Ever kept a goal to yourself because you were either a) afraid of failing at it and having others see you, or b) afraid of achieving it and stepping out of the comfortable definition you have for your life?
It's like the old adage- the only stupid question is one that isn't asked. I bet you have some goals you've considered but never told anybody.
I've worked in the fitness industry for about 11 years now, and the goals almost everybody repeat are 'lose weight', 'tone up', 'get stronger', 'have more energy'. All well and good, except a) they aren't tangible or specific enough, and they lack timelines, and b) they are too 'safe'.
Do you really want to achieve a goal? Let's review some brave folks who acted as an inspiration to others based on only 2 simple traits.
AC: Came into training at about 330 pounds. Needed convincing to walk in our doors, 5 months later he was down 50 pounds and hiked the Grand Canyon.
SM: Came in wobbling with multiple sclerosis and could not walk for 1 minute. Later walked a 5 kilometer race and made the newspapers
DL: Came in 'ton tone up' and later opened their eyes to new possibilities, lost 50 pounds, and recently rock climbed a 1200 foot national monument in Wyoming that 40% of all who attempt it fail at.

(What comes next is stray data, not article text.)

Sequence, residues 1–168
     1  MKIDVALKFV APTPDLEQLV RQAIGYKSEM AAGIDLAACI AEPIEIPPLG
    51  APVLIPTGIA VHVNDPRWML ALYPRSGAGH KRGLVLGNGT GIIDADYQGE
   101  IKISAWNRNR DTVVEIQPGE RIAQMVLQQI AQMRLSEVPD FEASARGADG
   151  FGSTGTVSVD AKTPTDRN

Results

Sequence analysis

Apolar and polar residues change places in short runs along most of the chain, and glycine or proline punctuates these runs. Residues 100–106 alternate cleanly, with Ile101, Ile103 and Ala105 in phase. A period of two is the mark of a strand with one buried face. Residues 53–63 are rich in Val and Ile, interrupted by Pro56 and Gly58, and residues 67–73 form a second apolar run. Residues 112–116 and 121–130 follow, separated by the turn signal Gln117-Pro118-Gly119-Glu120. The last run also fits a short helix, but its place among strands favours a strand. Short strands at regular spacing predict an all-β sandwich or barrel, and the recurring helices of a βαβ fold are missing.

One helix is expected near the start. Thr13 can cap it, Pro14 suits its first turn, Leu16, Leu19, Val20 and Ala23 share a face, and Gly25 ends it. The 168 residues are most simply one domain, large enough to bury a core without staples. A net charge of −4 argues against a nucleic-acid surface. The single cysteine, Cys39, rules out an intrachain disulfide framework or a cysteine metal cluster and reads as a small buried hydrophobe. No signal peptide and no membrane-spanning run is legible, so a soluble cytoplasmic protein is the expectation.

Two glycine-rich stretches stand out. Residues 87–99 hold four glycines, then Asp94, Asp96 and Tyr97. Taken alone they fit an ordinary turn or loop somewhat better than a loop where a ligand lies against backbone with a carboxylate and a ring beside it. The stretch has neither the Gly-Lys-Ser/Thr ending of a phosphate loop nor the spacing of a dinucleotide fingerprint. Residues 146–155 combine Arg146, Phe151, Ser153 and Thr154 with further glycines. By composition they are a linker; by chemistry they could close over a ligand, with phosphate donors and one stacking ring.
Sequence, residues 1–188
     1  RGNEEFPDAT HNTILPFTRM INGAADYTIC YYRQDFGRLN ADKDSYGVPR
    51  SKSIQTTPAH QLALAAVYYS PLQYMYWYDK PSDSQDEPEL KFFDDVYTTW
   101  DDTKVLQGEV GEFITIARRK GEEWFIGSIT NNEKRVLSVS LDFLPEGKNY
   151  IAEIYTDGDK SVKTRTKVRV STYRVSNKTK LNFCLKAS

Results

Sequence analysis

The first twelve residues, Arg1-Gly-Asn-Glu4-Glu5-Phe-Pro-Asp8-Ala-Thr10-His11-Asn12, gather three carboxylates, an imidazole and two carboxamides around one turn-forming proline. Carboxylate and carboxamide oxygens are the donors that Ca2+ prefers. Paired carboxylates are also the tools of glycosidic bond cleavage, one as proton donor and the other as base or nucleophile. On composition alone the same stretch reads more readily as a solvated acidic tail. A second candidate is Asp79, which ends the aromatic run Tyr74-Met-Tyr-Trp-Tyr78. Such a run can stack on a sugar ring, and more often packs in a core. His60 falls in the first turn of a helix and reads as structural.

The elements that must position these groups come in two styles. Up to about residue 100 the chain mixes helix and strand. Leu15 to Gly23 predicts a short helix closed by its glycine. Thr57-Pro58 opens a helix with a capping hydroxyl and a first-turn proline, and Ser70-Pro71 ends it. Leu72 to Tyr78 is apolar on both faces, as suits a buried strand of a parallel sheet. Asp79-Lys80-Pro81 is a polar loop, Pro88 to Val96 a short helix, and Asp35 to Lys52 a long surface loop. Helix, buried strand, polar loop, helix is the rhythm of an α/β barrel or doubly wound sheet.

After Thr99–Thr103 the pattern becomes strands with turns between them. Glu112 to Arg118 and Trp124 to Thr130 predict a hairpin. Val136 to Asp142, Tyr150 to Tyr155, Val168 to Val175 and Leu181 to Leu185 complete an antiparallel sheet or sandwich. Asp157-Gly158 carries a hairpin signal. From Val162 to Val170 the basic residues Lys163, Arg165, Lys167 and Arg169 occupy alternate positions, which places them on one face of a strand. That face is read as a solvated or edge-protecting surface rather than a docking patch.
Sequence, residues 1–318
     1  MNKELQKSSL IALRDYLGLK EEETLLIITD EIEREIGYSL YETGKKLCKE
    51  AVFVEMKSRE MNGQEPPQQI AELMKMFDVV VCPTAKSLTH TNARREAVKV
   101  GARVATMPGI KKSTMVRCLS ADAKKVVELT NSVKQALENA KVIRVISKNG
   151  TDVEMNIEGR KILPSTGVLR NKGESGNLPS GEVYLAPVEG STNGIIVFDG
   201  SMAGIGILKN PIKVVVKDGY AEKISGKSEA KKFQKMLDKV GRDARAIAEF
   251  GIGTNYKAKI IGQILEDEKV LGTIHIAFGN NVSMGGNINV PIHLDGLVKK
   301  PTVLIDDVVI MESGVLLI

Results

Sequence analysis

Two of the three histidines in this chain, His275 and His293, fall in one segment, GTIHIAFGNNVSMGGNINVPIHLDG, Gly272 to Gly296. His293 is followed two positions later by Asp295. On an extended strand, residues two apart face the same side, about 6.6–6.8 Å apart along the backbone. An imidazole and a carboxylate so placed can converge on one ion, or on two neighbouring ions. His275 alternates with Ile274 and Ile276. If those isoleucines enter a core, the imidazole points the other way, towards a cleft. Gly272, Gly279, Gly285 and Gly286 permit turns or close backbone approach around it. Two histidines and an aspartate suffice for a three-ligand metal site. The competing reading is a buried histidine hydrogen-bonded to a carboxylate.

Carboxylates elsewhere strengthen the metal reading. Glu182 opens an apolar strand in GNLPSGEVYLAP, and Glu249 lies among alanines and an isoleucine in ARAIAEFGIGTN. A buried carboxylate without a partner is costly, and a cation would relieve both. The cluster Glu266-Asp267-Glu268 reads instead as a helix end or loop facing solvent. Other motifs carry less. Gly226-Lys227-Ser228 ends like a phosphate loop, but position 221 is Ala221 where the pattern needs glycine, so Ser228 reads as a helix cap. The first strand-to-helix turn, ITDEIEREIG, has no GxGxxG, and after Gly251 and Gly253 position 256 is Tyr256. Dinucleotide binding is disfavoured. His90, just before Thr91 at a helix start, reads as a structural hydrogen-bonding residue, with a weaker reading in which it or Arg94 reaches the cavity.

DD: came in to rehabilitate after a car crash, and later hiked Cascade Mountain in Banff (11 hours and 10,000 feet) as well as the Grand Canyon within 5 months of each other, plus did her first ever race(s) in between. Got inspired to change jobs and live more passionately for herself as well.
I could go on for a long time, but what these 4 (and hundreds of other great examples) share, is that;
a) they communicated a goal out loud- they put their intent out their in the universe
b) they worked their asses off consistently towards that end goal.
NONE of these people fed the B.S. meter by complaining "I want" without working for it. ALL of them said "I will" and they DID.
Keeping goals, fears, and perceived fodder for others to judge you to yourself, all leads to a self-limiting prison of the mind. It becomes a disease of self-debilitation.
Sharing your goals (and committing to them through planning and smart, hard work) is a great exercise in smashing boundaries that would otherwise limit all others.
Remember that a secret goal leads to a weakened soul, whereas
a mission shared is a mission dared (and most likely, achieved).
It may be easy for others to talk about how you tried and failed... but in their heart of hearts, they will forever be envious that you had the guts to try when they did not. And the world does not remember the pessimist... only the achievers.